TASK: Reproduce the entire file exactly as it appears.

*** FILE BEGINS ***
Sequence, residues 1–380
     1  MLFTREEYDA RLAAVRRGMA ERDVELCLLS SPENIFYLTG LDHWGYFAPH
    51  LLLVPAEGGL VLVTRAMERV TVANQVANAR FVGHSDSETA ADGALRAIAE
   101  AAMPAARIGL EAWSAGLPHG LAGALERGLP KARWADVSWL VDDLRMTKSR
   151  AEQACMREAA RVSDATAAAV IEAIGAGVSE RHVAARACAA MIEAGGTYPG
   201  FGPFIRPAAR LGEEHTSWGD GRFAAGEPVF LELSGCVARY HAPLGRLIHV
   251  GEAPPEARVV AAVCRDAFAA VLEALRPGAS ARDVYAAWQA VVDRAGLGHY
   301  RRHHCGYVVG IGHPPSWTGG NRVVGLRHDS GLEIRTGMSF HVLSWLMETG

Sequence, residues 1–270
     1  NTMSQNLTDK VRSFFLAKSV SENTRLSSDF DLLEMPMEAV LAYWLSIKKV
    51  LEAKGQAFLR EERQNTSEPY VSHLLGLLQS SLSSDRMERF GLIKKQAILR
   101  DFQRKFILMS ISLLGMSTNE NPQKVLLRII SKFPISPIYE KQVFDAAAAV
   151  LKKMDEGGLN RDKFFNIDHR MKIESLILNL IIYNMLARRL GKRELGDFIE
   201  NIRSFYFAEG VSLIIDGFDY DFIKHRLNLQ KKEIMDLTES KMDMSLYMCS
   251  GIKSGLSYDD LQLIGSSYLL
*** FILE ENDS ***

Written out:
Sequence, residues 1–380
     1  MLFTREEYDA RLAAVRRGMA ERDVELCLLS SPENIFYLTG LDHWGYFAPH
    51  LLLVPAEGGL VLVTRAMERV TVANQVANAR FVGHSDSETA ADGALRAIAE
   101  AAMPAARIGL EAWSAGLPHG LAGALERGLP KARWADVSWL VDDLRMTKSR
   151  AEQACMREAA RVSDATAAAV IEAIGAGVSE RHVAARACAA MIEAGGTYPG
   201  FGPFIRPAAR LGEEHTSWGD GRFAAGEPVF LELSGCVARY HAPLGRLIHV
   251  GEAPPEARVV AAVCRDAFAA VLEALRPGAS ARDVYAAWQA VVDRAGLGHY
   301  RRHHCGYVVG IGHPPSWTGG NRVVGLRHDS GLEIRTGMSF HVLSWLMETG

Sequence, residues 1–270
     1  NTMSQNLTDK VRSFFLAKSV SENTRLSSDF DLLEMPMEAV LAYWLSIKKV
    51  LEAKGQAFLR EERQNTSEPY VSHLLGLLQS SLSSDRMERF GLIKKQAILR
   101  DFQRKFILMS ISLLGMSTNE NPQKVLLRII SKFPISPIYE KQVFDAAAAV
   151  LKKMDEGGLN RDKFFNIDHR MKIESLILNL IIYNMLARRL GKRELGDFIE
   201  NIRSFYFAEG VSLIIDGFDY DFIKHRLNLQ KKEIMDLTES KMDMSLYMCS
   251  GIKSGLSYDD LQLIGSSYLL